As a business owner, you might make a decision to prepay your company insurance premiums. If you use an accrual basis accounting method, learn how prepayment affects your assets and expenses so you can report the transaction appropriately on financial statements.
Calculate your monthly premium cost. For example, if you purchase 12 months of insurance, divide your lump sum payment by 12 to determine the cost of one month’s insurance premium. For example, if you spend $1,200 for the 12-month policy, your monthly cost is $100.
Record the expense for one month’s insurance on your statement of cash flows as an insurance expense. For example, if you determined the cost per month is $100, record $100 as your insurance expense. Do not record the $1,200 you initially pay as an expense on the statement of cash flows.
Deduct the monthly cost from the total prepaid amount. In this scenario, the result is $1,100 ($1,200 prepaid insurance minus $100 monthly cost). Record the result as a current asset on your business balance sheet. This is called an adjusting entry.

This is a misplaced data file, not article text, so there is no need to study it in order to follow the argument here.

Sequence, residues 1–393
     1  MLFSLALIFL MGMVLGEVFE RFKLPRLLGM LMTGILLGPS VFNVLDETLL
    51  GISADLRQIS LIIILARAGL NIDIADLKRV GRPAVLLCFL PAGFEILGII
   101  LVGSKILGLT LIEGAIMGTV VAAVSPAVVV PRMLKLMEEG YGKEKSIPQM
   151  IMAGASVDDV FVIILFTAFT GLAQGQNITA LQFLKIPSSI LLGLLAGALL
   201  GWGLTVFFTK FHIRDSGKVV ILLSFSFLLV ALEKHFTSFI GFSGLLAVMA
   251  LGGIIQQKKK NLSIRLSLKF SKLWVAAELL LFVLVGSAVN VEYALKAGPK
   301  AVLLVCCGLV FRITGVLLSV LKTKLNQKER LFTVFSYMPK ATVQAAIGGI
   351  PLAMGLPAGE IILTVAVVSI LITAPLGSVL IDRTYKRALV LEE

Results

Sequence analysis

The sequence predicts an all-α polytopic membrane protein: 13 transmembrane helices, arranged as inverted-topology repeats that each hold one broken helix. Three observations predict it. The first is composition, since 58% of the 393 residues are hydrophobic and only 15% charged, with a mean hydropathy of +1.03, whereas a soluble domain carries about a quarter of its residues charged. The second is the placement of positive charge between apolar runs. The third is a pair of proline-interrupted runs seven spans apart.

Continue to perform your adjusting entries. Record your monthly expense month-by-month on your statement of cash flows. Deduct your new expense from your current asset balance. After 12 months the expense for prepaid insurance is fully accounted and your current asset balance for prepayments is at zero.
With a background in taxation and financial consulting, Alia Nikolakopulos has over a decade of experience resolving tax and finance issues. She is an IRS Enrolled Agent and has been a writer for these topics since 2010. Nikolakopulos is pursuing Bachelor of Science in accounting at the Metropolitan State University of Denver.